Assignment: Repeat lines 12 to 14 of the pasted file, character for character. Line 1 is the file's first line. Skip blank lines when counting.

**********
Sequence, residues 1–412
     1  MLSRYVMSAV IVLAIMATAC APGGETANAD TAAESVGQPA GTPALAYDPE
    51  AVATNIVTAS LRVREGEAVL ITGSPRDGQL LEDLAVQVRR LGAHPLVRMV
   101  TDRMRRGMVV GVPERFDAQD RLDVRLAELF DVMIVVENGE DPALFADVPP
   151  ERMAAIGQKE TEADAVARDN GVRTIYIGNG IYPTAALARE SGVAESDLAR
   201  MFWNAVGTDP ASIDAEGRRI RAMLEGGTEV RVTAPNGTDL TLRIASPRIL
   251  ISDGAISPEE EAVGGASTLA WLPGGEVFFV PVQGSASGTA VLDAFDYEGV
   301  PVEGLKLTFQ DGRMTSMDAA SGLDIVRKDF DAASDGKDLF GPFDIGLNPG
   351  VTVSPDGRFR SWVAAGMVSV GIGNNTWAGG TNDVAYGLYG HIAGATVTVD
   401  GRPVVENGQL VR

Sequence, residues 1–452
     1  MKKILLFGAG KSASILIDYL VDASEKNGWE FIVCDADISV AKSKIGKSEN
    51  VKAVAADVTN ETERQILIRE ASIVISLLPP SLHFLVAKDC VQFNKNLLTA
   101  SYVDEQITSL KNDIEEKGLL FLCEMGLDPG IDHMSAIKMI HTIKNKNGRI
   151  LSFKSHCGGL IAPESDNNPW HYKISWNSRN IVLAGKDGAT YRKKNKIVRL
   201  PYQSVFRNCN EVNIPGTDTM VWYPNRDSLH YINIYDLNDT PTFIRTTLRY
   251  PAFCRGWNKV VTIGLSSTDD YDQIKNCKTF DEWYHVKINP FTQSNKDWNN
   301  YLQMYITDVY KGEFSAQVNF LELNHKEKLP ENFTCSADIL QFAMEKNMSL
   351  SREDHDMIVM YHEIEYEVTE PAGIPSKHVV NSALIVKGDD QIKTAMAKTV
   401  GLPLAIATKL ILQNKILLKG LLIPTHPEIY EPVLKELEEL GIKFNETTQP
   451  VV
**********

     1  MKKILLFGAG KSASILIDYL VDASEKNGWE FIVCDADISV AKSKIGKSEN
    51  VKAVAADVTN ETERQILIRE ASIVISLLPP SLHFLVAKDC VQFNKNLLTA
   101  SYVDEQITSL KNDIEEKGLL FLCEMGLDPG IDHMSAIKMI HTIKNKNGRI